- If a member is currently acting in an unrelated but similar transaction, this does not necessarily give rise to a conflict. Relevant factors include the size of the fees involved, the similarity to the matter before the Panel and the stage the other transaction has reached.
- Panel members consider matters such as whether:
- they have a personal relationship with a party, its related entities or its directors
- they have a personal relationship with an organisation, or persons in it, advising a party and
- they or immediate family members have any direct or indirect financial interest in a party or its related entities.
- A personal relationship with individuals associated in some way with a party or adviser is unlikely to give rise to a conflict, but in considering the issue the member, and President, will be conscious of any reasonable apprehension of bias that may be created.
- If a financial interest (eg, a shareholding in a party) is not considered sufficient to prevent a member sitting, the disclosure to parties will normally be either in absolute terms or as a percentage of the member's investment portfolio.
|First Issue||30 August 2002|
|Reformatted||16 September 2003|
|Second Issue||05 November 2004|
|Third Issue||24 August 2009|
1 Division 2 of Part 10. References are to the Australian Securities and Investments Commission Act 2001 (Cth), or the Australian Securities and Investments Commission Regulations 2001, unless otherwise indicated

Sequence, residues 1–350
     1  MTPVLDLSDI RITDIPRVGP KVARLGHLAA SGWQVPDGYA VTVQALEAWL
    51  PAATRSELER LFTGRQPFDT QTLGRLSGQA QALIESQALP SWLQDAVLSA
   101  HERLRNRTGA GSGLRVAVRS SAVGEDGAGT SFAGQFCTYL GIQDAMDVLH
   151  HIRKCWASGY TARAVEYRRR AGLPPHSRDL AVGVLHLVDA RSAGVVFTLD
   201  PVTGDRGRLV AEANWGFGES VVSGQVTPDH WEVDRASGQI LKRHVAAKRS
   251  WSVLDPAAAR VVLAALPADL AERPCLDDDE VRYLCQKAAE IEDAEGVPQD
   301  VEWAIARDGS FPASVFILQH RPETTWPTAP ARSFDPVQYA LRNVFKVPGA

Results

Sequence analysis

2 'President' refers to the substantive President under s173, currently Mr Simon McKeon, or acting President under s182(1)
3 Currently there are 4 acting Presidents
4 See s182(1)(b)
5 This letter is sent to parties once the Panel members are appointed to sit on a matter
6 See Panel Rules for Proceedings, r 2.1
7 Generally, a lawyer, an investment banker or other corporate adviser and, if possible, a member with particular skills relevant to the matter
8 Section 185(1A)
9 Section 185(1)(a)
10 Section 185(2)
11 Section 185(2)(a)
12 Section 185(2)(b)
13 In C P Ventures Pty Ltd v McKeon  FCA 1272 the Federal Court decided that the Panel had not erred in allowing a Panel member who was a consultant to a firm (the member was formerly a partner) to sit on a matter. Relevant factors which supported the President's decision were: (a) the amount of consulting work actually undertaken by the member for the firm (b) the fact that the member had little or no contact with the firm's office in another State advising a party and (c) the lack of any direct connection or relationship between the member and any party to the proceedings
14 For personal financial interest: see paragraph 33(c)